Hume and the Social Contract. A Systematic Evaluation
The article systematically explores the compatibility of Hume's political philosophy and contractarianism by reconstructing Hume's criticism of the idea of a social contract. In a nutshell, the dispute concerns the theoretical reconstruction of the establishment and maintenance of normative institutions by individual behavior. At the center of the ... dispute are questions concerning the philosophical analysis of the normative force of obligatory norms, and the theoretical reconstruction of individual persons' reasons--or motives--for following them. The main part of the article is dedicated to the reconstruction of the philosophical motivations behind the different positions. I will contrast contractarian idealism as a theoretical approach for the study of normative phenomena with Hume's empiricist approach. I will also spell out the metaethical differences between the idea of a hypothetical contract and Hume's rule-consequentialist reconstruction of the source of social and political obligations. Returning to the question of whether one can be both a contractarian and a Humean, the different implications of the two approaches for the theoretical understanding of normative rule-following will be presented. The conclusion is that one cannot be both a contractarian and a Humean. The article ends with a defense of the foregoing analysis against two objections.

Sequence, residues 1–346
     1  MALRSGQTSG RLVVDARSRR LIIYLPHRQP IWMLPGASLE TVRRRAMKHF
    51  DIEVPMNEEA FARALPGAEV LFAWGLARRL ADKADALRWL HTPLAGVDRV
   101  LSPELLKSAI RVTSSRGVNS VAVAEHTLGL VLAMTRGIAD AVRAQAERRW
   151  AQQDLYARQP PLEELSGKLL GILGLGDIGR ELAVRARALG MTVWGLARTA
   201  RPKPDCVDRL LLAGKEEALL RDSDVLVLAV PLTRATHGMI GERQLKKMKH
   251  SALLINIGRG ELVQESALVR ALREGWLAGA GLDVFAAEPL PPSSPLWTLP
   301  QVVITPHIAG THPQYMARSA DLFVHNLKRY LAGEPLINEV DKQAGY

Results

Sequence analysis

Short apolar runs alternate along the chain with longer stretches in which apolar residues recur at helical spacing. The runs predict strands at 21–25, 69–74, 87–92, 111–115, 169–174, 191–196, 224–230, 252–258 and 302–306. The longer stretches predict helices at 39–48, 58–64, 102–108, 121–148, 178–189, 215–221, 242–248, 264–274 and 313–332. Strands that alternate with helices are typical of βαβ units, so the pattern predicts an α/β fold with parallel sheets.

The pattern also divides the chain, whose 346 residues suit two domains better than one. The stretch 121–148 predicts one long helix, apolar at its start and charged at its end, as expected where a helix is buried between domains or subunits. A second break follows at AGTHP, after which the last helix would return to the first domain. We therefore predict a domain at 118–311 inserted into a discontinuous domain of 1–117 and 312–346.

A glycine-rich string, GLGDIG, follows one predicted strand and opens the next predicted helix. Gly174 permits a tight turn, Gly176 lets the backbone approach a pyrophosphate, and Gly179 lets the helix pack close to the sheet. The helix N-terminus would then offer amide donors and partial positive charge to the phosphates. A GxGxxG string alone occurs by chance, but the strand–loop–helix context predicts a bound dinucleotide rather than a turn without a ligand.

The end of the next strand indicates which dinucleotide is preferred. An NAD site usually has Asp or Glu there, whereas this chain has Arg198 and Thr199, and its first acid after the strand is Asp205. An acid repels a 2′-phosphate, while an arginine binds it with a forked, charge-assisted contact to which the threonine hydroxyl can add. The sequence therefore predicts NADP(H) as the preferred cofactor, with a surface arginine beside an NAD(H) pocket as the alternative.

Original publication in
Rationality, markets, and morals: RMM 4 (2013), 108-130